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August 15, 2012

Brazil Fertilizer Imports Delayed at Port of Paranagua

An already bad situation at the Port of Paranagua in southern Brazil continues to get worse. During the first six months of 2012, the average wait time to berth at the port was 14.6 days (not too bad), but estimates are that the average time to berth during the second half of 2012 will increase to 37.5 days or 45% longer than an equal period in 2011.

The increased wait time could impact the imports of fertilizers into Brazil at the same time that Brazilian farmers are expected to plant a record large soybean crop in 2012/13. The Port of Paranagua is the principal entry point for imported fertilizers into Brazil. An estimated 6 amillion tons of fertilizers will enter the port, which is an increase of 17% compared to 2011. The fertilizer supplies in the interior are near zero as distributors wait for the needed imports.

Vessels unloading fertilizer at the port late last week arrived at the port 55 days ago in the middle of June. If a vessel arrives this week at the port with needed fertilizers, it probably won't be able to unload until late September. Once the fertilizers are unloaded at the port, it could take at least several more weeks to get the product into the hands of the farmers in the interior of Brazil. By that time, soybean planting will be well under way in states such as Mato Grosso.

If there is sufficient soil moisture to plant soybeans on September 15, which is the first day they are allowed to plant in central Brazil, the bulk of the soybeans could be planted in Mato Grosso by the end of October. If distributors have fertilizers in their warehouse, farmers have been advised to have it delivered to their farms as quickly as possible to avoid potential delays as planting begins.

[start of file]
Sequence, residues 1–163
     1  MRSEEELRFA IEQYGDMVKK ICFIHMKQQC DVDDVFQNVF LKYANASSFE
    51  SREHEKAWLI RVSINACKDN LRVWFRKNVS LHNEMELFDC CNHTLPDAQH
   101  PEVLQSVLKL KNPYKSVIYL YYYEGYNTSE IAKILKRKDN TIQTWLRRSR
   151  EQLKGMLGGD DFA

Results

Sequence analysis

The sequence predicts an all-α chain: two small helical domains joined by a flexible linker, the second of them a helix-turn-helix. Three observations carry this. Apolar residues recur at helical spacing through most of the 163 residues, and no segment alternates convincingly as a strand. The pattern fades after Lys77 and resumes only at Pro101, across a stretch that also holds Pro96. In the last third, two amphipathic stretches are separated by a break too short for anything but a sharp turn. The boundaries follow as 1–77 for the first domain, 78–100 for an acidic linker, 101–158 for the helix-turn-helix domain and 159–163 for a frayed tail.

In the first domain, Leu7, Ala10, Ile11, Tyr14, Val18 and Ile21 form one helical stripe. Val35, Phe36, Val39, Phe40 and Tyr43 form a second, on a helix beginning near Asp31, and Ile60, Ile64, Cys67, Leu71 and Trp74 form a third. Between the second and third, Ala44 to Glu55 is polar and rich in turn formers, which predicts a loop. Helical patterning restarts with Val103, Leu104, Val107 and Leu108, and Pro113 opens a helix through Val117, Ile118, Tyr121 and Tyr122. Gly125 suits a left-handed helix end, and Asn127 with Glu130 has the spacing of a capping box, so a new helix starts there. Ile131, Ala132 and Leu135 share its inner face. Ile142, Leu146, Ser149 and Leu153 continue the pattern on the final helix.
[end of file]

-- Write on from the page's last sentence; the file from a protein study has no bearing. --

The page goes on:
The fertilizer shipments are just a part of the 137 vessels waiting in the Paranagua harbor as of late last week. The number of vessels now waiting is 168% greater than the 51 that were waiting at the beginning of May.

In addition to chronic under capacity at the port, rainy weather and a series of strikes by federal workers has made the situation worse. Loading and unloading operations are suspended every time there is a possibility of rainfall. The rainfall at the port during the month of June was heavier than normal causing the wait time to increase. August is generally a dry month, but spring rains can start to occur as soon late-August or early September, which would add to the problems at the port.

A solution to this problem would be the instillation of covers that could protect the entire vessel or just the individual hold where loading is occurring. The cost of covering all the vessels at the port is estimated at US$ 60 million. To cover an individual hold with a rigid cover, it would cost an estimated US$ 6 million, but with a flexible cover, the cost could be as low as US$ 1 million. Port authorities have been analyzing various options for the port, but no decision has been made and no money has been allocated.

In addition to the logistical problems at the port, the delays have been amplified by a series of strikes and work-slowdowns by federal workers including: fiscal officials, sanitation and grain inspectors, and the federal police.